No, this isn’t meant be a scary tale of tunnel chases and grinning manikins – this is an episode about getting to know Amy. Yes, we were introduced to her last week, but it’s in The Beast Below we get a proper measure of who she is. In a way, this is her pilot episode. What was so great about The Eleventh Hour was that it was a story from the Doctor’s point of view, and so for the Time Lord/Companion dynamic to be properly set up, it’s only natural that Moffat would follow it up with an episode where Amy takes centre stage.

Now the Moff rattles through a good deal of the usual stuff the companion has to learn very quickly and effectively. Rather stint on the story to cover such topics as the Doctor’s species, what happened to the Time Lords, and basic time travel etiquette, he builds them into the action in a way that feels natural and doesn’t bore the audience who already knows all of these things. Similarly, the plot is structured to allow the audience to discover Amy’s real character through its events rather than clunky expository dialogues. And it’s here where the REAL plot twist occurs.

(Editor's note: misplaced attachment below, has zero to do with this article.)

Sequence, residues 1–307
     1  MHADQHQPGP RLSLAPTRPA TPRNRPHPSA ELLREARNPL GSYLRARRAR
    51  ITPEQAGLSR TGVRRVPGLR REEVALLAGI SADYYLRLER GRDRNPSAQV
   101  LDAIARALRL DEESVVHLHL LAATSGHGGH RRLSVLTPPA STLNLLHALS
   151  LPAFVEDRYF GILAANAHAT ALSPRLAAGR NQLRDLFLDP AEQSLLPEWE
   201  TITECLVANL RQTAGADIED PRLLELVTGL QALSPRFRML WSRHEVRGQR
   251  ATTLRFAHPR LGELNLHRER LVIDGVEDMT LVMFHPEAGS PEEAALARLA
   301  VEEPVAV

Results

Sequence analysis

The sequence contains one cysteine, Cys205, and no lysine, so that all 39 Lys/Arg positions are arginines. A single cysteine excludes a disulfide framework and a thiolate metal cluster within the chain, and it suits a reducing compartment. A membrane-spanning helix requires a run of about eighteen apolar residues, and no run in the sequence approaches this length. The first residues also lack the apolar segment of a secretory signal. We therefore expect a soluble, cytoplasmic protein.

For although some are looking at this episode and seeing the same shallow treatment of big sci-fi ideas as in the Davies version of the show, I can’t help but feel that there is a crucial difference going unnoticed. And it’s a big one too – can you see the 10th Doctor as written by RTD being actually stumped by the plot threat and the companion saving the day?

What would probably happen if this was an RTD script is that Amy would mention children in passing and then Tennant yells “Yes, yes, yes you beauty, that’s it! I’m brilliant!”, burble the full solution to the dilemma like a puppy with logorrhoea, and then no doubt tow Starship UK to a safe planet with the TARDIS. And I wouldn’t rule out the Doctor actually riding the star whale like the universe’s smallest jockey in order to accomplish the happy ever after ending either…